Some facts regarding studded snow tires: they may be noisy and can damage pavement, which is why they’re banned in some parts of Canada. Before making a purchase, double-check your local regulations.
Tips For Buying Winter Tires
It is essential to be careful while purchasing winter tires and to pick the best winter tires in Canada. As a result, it’s critical to look for tires based on pricing, as well as the tire’s rating and performance, to guarantee you have the traction you need for your driving.
- Purchase four winter tires, all of the same brand and type
- Make sure the tires are the right size by looking at the embossed size on the side of the tire
- The price varies depending on the size and type of the tire, but on average, it costs between $120-$200 per tire
- Consider getting rims for your winter tires to make the transition smoother and prolong the life of your tires
- If your car has ABS brakes, all-wheel drive, or tire pressure sensors, get them installed by a specialist.
Safety Tips for Winter Tires
It is not too late to put on winter tires this year if you have not already done so. Winter storms have a way of sneaking up on you when you least expect it. Remember these four essential tips while putting winter tires on your vehicle:
- To keep your car in control and stable, always put four winter tires on it
- Mixing brands, sizes, and styles is not a good idea
- Examine the treads for wear and damage
- Especially in cold weather, check and maintain correct tire pressure.
Installing winter tires gives several advantages to Ontario drivers, including increased safety, increased control, and lower insurance costs.
What Is The Best Way To Determine If A Tire Is A Winter Tire?
Drivers should search for tires with the peaked mountain and snowflake logo on them. The Three Peak Mountain Snowflake sign (3PMSF) on tires has been tested extensively for usage in extreme snow and ice situations. They’ve been certified as meeting or exceeding industry snow traction standards.
It’s worth noting that M+S stands for mud and snow for all-season tires; they haven’t been formally tested as winter tires.
Top winter tire brands
Consider some of the most well-known and reputable brands as follows:
Best winter tires in Canada for cars in 2022-2022
- Michelin X-Ice Snow
- Goodyear Winter Command Ultra
- Dunlop Winter Maxx
- Continental IceContact XTRM
- Nokian Hakkapeliitta 9, R3 and Nordman 7
- Bridgestone Blizzak WS90
- Pirelli Ice Zero Friction
- Toyo GSI-6
- Yokohama IG52 and 53
- Cooper Evolution Winter
- GT Radial Ice Pro 3
Best winter tires for SUVs and trucks in 2022-2022
- Firestone Winterforce
- Dunlop Winter Maxx SJ8
- Nokian Hakkapeliitta 3
- Cooper Hercules Avalanche Xtreme LT
- Pirelli Scorpion Ice & Snow
- Michelin Latitude X-Ice
- Bridgestone Blizzak LT
- Goodyear Ultra Grip Ice
- Toyo Observe GSI-6
- Nexen Winguard WT1
- Hankook Dynapro I*cept
Where Can You Get The Best Deal On Winter Tires?
You have a lot of choices when it comes to buying winter tires. Here are some of the major tire retailers to consider, in addition to local tire shops in your city:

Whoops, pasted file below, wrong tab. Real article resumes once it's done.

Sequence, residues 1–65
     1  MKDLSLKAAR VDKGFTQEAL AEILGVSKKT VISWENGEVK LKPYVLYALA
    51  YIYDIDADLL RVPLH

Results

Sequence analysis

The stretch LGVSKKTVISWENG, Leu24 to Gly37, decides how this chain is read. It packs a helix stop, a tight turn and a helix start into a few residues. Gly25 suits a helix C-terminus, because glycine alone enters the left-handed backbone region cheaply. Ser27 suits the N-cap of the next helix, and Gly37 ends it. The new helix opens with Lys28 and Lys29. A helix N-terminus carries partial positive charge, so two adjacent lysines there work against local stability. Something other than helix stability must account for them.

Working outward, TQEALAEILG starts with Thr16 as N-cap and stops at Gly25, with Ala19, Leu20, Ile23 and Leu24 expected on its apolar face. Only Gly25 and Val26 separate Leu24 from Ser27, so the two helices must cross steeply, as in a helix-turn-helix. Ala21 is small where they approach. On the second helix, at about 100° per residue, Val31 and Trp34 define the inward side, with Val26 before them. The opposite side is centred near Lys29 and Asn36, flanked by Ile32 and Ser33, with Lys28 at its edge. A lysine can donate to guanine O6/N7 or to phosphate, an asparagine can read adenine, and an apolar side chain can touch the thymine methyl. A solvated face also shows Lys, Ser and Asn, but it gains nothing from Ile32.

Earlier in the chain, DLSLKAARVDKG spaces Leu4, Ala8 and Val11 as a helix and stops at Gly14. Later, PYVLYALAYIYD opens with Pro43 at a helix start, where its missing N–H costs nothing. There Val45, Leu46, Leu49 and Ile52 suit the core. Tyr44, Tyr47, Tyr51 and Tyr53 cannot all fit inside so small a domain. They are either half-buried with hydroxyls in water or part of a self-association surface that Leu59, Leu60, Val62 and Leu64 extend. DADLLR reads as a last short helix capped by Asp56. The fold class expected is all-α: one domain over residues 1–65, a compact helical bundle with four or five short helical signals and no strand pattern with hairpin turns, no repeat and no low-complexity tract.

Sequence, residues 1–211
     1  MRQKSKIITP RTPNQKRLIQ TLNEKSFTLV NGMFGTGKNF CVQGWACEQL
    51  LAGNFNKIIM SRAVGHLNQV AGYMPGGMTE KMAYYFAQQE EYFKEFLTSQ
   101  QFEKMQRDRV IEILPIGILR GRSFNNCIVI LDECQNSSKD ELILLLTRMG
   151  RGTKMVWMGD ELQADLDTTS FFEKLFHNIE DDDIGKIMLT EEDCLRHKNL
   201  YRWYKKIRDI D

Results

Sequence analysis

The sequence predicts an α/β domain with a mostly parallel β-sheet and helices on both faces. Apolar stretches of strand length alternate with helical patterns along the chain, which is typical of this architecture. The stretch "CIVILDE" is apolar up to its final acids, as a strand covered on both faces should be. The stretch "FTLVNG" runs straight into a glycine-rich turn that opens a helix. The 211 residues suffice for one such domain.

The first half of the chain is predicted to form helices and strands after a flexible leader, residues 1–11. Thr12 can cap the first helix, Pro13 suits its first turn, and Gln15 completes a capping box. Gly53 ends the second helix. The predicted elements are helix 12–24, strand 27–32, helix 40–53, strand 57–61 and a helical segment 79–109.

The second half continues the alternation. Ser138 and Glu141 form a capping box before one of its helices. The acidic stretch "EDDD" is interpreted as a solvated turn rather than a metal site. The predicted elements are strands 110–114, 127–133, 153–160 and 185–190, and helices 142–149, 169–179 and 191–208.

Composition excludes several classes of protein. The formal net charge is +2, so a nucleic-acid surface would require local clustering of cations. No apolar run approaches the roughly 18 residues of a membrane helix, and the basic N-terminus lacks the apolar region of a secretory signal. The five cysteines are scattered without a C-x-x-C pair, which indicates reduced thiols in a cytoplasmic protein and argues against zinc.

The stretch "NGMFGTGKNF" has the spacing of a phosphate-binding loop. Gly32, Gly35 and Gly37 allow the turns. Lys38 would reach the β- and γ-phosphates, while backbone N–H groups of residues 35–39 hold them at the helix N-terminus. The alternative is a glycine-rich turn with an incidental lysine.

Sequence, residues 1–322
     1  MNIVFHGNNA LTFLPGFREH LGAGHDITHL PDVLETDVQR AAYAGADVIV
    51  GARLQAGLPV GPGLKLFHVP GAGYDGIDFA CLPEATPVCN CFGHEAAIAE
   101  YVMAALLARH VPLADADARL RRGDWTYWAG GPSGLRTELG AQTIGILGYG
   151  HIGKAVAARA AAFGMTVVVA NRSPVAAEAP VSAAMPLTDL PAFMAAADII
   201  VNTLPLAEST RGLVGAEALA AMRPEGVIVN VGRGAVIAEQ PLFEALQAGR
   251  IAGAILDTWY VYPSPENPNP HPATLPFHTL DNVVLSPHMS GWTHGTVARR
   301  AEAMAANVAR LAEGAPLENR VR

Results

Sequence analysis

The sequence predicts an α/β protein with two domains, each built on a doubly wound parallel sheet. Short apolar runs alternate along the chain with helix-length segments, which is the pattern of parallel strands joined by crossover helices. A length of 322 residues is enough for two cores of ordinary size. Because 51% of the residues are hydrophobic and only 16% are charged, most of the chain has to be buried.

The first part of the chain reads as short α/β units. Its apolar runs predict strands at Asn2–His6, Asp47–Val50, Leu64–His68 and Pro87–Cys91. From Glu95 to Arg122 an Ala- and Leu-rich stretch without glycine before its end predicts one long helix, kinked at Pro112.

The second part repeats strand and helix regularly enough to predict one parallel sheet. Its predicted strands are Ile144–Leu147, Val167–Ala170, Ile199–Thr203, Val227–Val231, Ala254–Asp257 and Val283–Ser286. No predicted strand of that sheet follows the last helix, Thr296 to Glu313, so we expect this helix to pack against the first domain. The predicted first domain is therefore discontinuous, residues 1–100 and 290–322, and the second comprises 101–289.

- Canadian Tire
- Kal Tire
- OK Tire
- Fountain Tire
Steel rims for winter tires can be found at the same shops that offer winter tires, or on online markets.
What Are Winter Tire Ratings?
After you’ve narrowed down your snow tire options, look at how they were tested and evaluated during those tests. Dry and wet handling, ice and snow, comfort, and mileage should all be evaluated on winter tires. These tests are conducted with neutral specialists on closed tracks. The tire rating will help you evaluate tires that will perform best for your vehicle based on the weather conditions you will be driving in.
FAQ – How to choose the best winter tires for your car in 2022?
What are the prices of winter tires?
The price of winter tires varies greatly. The size of the tire, the make and brand of the tire, the date of purchase, and a variety of other factors all play a role. Winter tires are available for as little as $50 per tire and as much as $300 or more per tire. Choose tires that are appropriate for your area’s winter driving conditions.
Actually, there’s no law requiring you to change your winter tires for summer or all-season tires when the summer comes. But, it is not highly suggested for utilization in summer, even with the best winter tires.
The elastic is specifically outlined and designed for the purpose of working best within the cold – they are made with is less compelling at scattering warmth, which increases the chance of over-inflating as well as the blowouts.
How long do winter tires last?
It depends on how much driving you do during the winter. The majority of tire manufacturers guarantee that their products will endure for at least six years. Expect them to last roughly four years if you drive regularly. Summer tires will wear out far faster than winter tires.
When should you remove your winter tires?
Once the weather in your location consistently rises over 7 degrees Celsius, it’s time to switch from winter to summer tires.
Is it true that winter tires use more gas?
Yes. Because of the improved grip and traction, winter tires often require more petrol. Under-inflated tires consume more petrol as well. Make sure your tires are properly inflated.
Is it allowed to drive on studded tires in Canada?
Strutted winter tires may or may not be authorized depending on where you reside. They are not permitted in southern Ontario. Alberta, Saskatchewan, Nunavut, the Northwest Territories, and the Yukon have no rules. Check your province’s regulations to determine if they are permitted.
Can you change your winter tires?
Yes. Many Canadians change their winter tires on their own. You can change winter tires if you know how to repair a flat tire. A jack, lug wrench, and breaker bar are necessary.
When driving in the winter, it’s no surprise that a strong tire grip makes it simpler to accelerate, slow down, and stay on the road, resulting in fewer fender-benders and close calls. Installing winter tires help ensure your safety when dealing with poor weather. You’ll also be eligible for a vehicle insurance discount. Pick the best winter tires you want and drive carefully!